Member of SCNAT

The SES fosters cooperation among both professional and amateur entomologists and promotes the scientific study of indigenous insects.

Image: LaMantarraya,


> NEWS (21.09.23): all volumes of three additional entomological journals are now available via www.e-periodica: Mitteilungen der Entomologischen Gesellschaft Basel & its predecessor journals

> NEWS (09.03.23): Congratulations to Christian Roesti, winner of the Prix Moulines 2023!

> NEWS (26.02.23): volumes of a further two entomological journals are now available via www.e-periodica: Insecta Helvetica Catalogus and Insecta Helvetica Fauna

> NEWS (08.12.22): In 2005, Peter Sonderegger (1942‒2017) published Die Erebien der Schweiz, a major contribution to the knowledge of Swiss butterflies, for which he was awarded the Prix Moulines. The SES, together with Peter's family, has now made a digital copy available via Zenodo. The SES is grateful to the ETH library for enabling the digitalization of this important publication.

> NEWS (10.11.22): volumes of a further two entomological journals are now available via www.e-periodica: Entomo Helvetica & one of its predecessor journals Bulletin romand d'entomologie


Insects — Boundless diversity

Insects are by far the most diverse group of living organisms. There are over 30’000 species in Switzerland, or approximately ten times more insects than plants! In addition to their spectacular diversity, insects have a significant impact on our environment and daily lives.

On this website, we regularly publish insect news from all fields of research. Let yourself be inspired!

Cover Alpine Entomology 5 2021
Image: SEG / Pensoft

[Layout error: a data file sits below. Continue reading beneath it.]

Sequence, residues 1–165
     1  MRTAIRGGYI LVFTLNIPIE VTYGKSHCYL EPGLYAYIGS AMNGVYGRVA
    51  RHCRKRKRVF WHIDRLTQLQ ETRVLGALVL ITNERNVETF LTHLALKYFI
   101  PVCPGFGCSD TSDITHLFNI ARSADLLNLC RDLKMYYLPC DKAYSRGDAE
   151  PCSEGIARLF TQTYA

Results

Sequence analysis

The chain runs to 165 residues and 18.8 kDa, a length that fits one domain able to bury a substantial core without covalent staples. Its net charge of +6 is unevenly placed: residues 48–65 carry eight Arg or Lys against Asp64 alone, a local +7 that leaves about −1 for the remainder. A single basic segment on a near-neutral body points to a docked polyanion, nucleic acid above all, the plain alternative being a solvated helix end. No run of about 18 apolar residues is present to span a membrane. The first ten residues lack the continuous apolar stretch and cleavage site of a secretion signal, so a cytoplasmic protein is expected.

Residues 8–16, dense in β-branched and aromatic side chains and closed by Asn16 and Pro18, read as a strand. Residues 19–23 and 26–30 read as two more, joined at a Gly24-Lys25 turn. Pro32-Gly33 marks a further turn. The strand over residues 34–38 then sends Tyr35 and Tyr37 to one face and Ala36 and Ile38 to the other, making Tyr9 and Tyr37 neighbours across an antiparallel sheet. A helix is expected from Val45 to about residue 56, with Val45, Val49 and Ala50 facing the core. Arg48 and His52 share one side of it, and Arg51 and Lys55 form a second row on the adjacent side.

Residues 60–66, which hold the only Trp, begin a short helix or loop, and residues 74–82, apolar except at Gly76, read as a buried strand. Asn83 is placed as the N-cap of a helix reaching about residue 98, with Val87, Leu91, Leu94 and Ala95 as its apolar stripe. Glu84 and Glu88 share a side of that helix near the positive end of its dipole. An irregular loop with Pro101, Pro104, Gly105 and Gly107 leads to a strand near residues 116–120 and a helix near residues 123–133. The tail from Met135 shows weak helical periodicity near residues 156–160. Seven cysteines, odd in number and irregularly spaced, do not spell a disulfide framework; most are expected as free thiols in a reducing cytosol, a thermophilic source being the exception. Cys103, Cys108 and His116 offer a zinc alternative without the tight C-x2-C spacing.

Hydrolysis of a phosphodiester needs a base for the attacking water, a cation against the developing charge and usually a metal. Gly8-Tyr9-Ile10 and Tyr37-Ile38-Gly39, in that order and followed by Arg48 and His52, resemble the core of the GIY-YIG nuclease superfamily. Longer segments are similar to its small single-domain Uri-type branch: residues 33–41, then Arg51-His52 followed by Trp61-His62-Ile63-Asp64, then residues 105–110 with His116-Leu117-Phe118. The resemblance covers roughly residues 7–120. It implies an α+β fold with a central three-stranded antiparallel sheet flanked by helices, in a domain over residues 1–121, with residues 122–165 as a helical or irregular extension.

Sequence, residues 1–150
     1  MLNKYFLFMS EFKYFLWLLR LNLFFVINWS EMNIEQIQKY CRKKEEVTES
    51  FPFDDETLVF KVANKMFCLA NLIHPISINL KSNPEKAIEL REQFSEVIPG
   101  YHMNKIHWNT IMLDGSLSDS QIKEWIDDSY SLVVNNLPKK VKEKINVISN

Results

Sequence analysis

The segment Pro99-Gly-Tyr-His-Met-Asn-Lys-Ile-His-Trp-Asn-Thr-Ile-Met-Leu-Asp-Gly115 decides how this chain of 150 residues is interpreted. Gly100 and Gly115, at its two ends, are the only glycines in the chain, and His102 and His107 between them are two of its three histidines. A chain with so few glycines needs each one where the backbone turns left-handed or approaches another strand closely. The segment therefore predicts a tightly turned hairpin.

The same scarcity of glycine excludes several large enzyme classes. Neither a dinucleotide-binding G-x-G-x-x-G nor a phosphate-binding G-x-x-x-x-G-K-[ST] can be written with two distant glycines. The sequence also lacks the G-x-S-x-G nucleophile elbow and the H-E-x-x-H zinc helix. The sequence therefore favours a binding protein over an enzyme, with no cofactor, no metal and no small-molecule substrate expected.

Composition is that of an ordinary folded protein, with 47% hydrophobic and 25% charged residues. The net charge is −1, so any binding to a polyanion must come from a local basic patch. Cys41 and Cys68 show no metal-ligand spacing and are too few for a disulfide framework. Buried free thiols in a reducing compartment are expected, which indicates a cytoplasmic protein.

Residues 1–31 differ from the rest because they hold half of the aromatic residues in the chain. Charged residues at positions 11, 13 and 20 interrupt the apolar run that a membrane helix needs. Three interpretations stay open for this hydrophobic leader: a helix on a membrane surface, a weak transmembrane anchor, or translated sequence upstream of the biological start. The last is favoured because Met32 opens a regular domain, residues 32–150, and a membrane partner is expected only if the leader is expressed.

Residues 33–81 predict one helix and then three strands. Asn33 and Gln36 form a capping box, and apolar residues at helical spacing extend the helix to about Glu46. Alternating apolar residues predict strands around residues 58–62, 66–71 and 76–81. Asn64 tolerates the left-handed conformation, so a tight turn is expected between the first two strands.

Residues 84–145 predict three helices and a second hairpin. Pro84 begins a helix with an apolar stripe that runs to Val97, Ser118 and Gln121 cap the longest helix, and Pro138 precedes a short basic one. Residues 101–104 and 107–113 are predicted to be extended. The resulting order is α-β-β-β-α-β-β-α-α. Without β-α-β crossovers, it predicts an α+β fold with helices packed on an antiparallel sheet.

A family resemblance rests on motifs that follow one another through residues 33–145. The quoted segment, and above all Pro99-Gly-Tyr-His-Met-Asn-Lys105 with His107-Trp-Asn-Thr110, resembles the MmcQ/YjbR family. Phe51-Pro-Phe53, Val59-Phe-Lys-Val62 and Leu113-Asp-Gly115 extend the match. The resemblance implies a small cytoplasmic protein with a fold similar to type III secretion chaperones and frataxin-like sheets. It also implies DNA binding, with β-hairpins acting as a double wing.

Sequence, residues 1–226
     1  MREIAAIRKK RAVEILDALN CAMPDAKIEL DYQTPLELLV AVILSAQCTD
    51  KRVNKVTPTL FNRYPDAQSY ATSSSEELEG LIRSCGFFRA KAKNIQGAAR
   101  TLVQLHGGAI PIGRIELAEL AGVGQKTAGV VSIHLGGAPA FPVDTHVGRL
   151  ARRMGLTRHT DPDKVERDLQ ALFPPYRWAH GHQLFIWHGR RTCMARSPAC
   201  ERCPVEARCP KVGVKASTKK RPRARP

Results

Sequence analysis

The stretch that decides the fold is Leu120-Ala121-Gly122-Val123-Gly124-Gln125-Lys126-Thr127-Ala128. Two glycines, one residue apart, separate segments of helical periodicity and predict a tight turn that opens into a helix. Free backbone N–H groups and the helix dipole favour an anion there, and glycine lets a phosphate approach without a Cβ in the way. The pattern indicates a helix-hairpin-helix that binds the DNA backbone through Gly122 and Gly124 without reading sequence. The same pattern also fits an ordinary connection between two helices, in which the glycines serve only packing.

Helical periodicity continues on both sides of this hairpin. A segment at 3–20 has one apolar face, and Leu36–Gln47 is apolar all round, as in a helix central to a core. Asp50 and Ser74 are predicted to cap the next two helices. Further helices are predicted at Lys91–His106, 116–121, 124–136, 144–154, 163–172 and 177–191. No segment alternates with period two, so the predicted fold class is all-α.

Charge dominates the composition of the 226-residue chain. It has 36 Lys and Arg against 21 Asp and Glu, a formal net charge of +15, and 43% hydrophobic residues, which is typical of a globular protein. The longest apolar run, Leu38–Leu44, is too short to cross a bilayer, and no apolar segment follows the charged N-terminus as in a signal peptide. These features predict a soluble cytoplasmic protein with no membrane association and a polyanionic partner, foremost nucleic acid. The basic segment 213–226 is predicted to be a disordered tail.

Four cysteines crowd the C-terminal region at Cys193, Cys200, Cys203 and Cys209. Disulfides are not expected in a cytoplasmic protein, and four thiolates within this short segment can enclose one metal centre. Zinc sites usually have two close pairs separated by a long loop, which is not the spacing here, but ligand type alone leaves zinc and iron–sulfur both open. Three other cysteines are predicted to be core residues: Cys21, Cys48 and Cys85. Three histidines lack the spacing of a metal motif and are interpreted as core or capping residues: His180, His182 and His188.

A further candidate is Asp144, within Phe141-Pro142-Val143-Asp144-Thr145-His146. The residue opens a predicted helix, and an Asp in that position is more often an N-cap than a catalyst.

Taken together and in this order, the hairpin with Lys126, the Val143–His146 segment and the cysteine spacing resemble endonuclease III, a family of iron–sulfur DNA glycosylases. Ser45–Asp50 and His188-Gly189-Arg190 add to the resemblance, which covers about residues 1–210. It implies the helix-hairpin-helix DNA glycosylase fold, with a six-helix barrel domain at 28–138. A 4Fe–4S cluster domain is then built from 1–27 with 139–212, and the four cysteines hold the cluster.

Alpine Entomology

The Journal of the Swiss Entomological Society (SES)!


Swiss Entomological Society (SEG)
c/o PD Dr. Dominique Mazzi
Agroscope Cadenazzo
A Ramél 18
6593 Cadenazzo

Foto Dominique Mazzi SEG

Insects account for the majority of animal species. Beyond this diversity, insects impress due to various remarkable facets of their biology, as well as far-reaching interactions with other organisms. Insects provide key ecosystem services, and are of central importance for humans.

Insect species are currently endangered worldwide. It has hence become more important than ever to understand more about the diversity, evolution, distribution and ecology of these fascinating animals.

Since the founding of the society in 1858, the SES has encouraged the study of insects through the publication of the “Fauna Helvetica” book series and the journal “Alpine Entomology”, the organization of annual meetings and the support of various research groups. All of these activities have the same objective: to create an active network of entomologists and other entomologically interested people.

Become a member of the Swiss Entomological Society today!

Dominique Mazzi

President of the Swiss Entomological Society